I thought this was an interesting difference in how people think.
For background, Cloudflare was down for a while Tuesday. That meant a substantial chunk of the Internet was down, because Cloudflare is, in essence, a provider of web capacity. When you make a request for a web page from a site that uses their services, the request goes first to Cloudflare. If they have a local copy of the page–they pass it to your browser. If not, they request it from the original site, give it to you, and keep a copy to fulfil future requests*. It’s all transparent to you and your web browser and it protects your favorite web sites against denial of service attacks.
* There’s more to it than that, naturally. Controls to ensure that Cloudflare doesn’t keep pages containing personal information and serve them up to others, for example.
Everything is fine and the Internet is a happy place until Cloudflare itself runs into problems.
When that happens, they generally send your browser an error message, most commonly one in the 500 range. (400-type errors are indicative of problems on your end; for example, most people are familiar with the 404 error, meaning you–or your browser–asked for a page that doesn’t exist.) 500 errors are for trouble at the other end of the connection: the server crashed, can’t handle the volume of traffic it’s getting, can’t contact the site it’s trying to be a front end for, and so on.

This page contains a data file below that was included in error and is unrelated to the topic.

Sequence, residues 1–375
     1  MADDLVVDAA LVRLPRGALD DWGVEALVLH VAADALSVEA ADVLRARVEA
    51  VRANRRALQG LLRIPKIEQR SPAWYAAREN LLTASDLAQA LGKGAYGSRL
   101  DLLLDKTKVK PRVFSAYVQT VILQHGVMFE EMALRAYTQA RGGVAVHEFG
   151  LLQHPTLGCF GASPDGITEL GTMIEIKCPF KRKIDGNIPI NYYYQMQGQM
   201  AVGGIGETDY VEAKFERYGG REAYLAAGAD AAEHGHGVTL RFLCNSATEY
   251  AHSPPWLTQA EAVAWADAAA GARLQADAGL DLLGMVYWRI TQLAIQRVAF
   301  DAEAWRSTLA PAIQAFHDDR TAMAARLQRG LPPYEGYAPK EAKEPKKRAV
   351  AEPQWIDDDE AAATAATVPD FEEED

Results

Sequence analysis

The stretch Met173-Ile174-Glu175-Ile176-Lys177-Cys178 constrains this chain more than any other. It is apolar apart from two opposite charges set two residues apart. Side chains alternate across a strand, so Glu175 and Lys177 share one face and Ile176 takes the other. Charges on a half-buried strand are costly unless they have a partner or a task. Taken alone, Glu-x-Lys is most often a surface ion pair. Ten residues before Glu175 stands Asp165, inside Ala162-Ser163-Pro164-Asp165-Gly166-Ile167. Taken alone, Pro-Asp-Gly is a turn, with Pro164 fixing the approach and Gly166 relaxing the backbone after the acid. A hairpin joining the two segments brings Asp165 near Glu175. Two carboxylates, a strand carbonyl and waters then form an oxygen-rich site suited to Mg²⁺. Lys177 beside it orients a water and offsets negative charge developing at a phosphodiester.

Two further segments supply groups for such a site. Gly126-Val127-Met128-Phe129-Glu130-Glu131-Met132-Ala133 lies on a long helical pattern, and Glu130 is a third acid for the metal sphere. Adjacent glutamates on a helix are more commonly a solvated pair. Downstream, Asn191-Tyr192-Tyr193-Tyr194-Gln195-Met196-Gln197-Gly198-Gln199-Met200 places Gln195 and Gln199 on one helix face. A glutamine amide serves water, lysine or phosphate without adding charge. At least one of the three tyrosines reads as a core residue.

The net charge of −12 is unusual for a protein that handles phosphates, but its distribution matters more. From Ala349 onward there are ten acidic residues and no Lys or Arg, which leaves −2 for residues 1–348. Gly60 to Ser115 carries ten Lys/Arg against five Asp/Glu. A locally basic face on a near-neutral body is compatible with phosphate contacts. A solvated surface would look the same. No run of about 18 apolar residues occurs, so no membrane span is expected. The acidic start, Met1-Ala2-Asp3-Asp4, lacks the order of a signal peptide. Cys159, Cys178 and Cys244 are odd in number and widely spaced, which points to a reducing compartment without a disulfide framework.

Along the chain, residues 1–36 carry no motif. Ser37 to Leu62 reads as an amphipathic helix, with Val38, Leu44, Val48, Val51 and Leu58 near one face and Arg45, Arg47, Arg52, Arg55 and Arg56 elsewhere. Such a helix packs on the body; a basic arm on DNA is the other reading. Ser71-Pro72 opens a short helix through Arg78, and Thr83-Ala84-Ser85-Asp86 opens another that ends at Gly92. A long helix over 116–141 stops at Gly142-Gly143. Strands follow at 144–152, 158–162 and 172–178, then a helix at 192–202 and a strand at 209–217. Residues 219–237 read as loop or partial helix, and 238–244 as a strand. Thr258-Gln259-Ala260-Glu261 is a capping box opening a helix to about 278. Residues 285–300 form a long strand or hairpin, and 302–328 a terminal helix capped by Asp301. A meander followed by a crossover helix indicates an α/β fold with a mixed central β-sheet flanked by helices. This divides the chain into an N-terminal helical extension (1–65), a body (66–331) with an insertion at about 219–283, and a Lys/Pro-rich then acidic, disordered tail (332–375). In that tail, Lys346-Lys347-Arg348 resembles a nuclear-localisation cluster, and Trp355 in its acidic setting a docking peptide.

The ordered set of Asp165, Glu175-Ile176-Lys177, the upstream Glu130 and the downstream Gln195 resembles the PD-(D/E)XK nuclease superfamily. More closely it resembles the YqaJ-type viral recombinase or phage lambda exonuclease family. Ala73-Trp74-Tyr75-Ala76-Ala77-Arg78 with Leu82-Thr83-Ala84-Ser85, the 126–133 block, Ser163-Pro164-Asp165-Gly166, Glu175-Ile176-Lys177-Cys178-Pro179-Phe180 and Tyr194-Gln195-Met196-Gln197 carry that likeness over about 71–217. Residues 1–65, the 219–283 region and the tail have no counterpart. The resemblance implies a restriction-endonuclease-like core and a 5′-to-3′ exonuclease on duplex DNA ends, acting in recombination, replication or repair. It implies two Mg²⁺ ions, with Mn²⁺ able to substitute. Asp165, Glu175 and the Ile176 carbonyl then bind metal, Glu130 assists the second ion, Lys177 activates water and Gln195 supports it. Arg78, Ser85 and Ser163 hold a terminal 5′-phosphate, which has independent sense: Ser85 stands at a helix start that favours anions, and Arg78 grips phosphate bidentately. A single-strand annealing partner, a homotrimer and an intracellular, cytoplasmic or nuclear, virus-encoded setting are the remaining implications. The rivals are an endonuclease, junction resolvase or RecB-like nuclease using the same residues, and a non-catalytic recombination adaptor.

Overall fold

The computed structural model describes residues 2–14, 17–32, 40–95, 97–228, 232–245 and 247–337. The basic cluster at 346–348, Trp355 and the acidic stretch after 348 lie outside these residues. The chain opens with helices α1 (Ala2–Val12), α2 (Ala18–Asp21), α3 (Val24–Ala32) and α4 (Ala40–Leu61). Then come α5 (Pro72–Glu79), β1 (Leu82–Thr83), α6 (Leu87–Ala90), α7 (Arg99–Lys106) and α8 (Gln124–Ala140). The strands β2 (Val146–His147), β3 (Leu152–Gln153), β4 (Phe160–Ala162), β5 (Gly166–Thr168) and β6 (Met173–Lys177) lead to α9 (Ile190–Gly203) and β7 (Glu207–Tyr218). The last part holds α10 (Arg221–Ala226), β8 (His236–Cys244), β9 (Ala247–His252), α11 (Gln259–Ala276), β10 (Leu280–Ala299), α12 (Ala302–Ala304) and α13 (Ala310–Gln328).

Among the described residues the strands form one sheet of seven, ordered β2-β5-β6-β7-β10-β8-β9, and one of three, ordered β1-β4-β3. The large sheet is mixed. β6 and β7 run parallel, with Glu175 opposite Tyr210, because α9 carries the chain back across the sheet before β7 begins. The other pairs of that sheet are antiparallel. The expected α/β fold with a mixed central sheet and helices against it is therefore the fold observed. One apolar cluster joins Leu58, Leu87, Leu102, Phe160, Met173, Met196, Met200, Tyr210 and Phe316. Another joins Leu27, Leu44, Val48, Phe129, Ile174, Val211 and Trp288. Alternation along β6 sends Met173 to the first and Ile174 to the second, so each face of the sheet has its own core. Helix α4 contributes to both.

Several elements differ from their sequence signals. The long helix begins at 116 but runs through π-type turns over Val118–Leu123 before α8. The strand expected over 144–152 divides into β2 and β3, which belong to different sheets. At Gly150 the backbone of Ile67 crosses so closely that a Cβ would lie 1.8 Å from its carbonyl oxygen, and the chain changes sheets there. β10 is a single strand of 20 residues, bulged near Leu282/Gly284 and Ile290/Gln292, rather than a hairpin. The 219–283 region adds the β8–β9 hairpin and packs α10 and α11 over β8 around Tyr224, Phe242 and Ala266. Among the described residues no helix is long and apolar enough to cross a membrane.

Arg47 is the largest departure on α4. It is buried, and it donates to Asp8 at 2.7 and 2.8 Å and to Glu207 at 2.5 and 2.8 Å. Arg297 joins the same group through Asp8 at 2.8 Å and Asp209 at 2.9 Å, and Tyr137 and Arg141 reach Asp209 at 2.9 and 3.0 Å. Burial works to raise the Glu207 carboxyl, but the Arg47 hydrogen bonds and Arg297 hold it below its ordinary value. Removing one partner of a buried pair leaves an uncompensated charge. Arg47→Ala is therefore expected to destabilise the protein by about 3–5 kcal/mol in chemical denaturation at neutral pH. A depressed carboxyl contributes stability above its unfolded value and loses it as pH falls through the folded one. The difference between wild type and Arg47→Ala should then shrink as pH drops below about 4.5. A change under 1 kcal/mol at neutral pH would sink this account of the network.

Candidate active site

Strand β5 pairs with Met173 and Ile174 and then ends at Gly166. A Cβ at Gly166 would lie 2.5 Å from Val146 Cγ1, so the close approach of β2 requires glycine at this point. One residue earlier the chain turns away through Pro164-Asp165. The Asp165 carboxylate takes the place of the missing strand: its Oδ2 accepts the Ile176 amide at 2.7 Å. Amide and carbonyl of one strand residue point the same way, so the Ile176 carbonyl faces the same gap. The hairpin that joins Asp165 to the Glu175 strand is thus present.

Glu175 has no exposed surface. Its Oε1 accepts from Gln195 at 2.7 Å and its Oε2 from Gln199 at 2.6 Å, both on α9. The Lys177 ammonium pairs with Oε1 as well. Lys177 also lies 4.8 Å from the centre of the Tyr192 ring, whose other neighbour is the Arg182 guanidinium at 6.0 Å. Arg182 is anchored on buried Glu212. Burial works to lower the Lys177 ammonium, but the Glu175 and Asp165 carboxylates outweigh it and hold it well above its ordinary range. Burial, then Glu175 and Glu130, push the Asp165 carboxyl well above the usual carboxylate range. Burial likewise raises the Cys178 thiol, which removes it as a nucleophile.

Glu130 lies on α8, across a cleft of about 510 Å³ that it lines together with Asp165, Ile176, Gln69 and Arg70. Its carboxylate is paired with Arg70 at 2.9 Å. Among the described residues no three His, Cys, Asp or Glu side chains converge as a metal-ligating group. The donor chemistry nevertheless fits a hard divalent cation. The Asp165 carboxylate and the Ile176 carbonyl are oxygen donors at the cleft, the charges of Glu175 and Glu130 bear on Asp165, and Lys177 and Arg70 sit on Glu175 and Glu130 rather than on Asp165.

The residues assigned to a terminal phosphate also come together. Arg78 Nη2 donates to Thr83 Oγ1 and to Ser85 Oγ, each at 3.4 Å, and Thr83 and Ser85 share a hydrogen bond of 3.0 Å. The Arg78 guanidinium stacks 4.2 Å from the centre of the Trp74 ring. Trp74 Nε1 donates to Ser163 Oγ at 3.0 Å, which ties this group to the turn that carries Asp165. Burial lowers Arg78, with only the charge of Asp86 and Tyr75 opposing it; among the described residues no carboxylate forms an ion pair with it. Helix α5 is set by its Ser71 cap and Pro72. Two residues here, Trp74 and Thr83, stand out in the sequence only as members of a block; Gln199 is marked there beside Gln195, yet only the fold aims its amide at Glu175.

And most of Cloudflare’s 500-type error messages identify Cloudflare as the location where the problem occurred and make a recommendation: click a link to try to contact the original site directly, try again later, etc.
As I write this on Tuesday afternoon, Cloudflare is back up and the Internet is running as smoothly as it ever does. And, naturally, people what to know what went wrong.
According to Google’s trending searches list, the Number One search in Japan, by a significant margin, is for “Cloudflare”. (I find it vaguely amusing that this is the only English language search term on the list.)
In the UK, “Cloudflare” is the third most common search, trending well behind “Xavier Musk” and “Tom Mann”. Makes sense, right? Get your popular culture news first, then go learn why you couldn’t get the news earlier.
Then there’s the US. “Cloudflare” didn’t even make the list. Instead, there was a mass of searches for “500 error”. Google helpfully directed them to a random web page that promised to explain what they are (reasonable) and how to fix them (you can’t; see above).
Americans, it seems, are more interested in fixing a problem than in fixing responsibility. Elsewhere, there appears to be some recognition that many problems are transient, and once they’re resolved, it might be a good idea to take a look at who caused them.
Think I’m reading too much into this? Long-time readers will remember the Bay Bridge Bolt Botch. Lots of energy around the bolts, determining how many were failing, what the effects of failure would be, and on and on. Zero desire to determine who was responsible for a design that included bolts that might not have been needed, who specced the wrong bolts, who signed off on their installation, who may have tested them improperly (or not tested them at all, according to some reports).
It gives one to think, doesn’t it? Because, after all, if nobody knows who’s responsible, it could be anyone–Saudi Arabia! The President! Bill Gates! Joe Shlabotnik!
Or even nobody at all: Natural cycles! Sunspots! UFOs!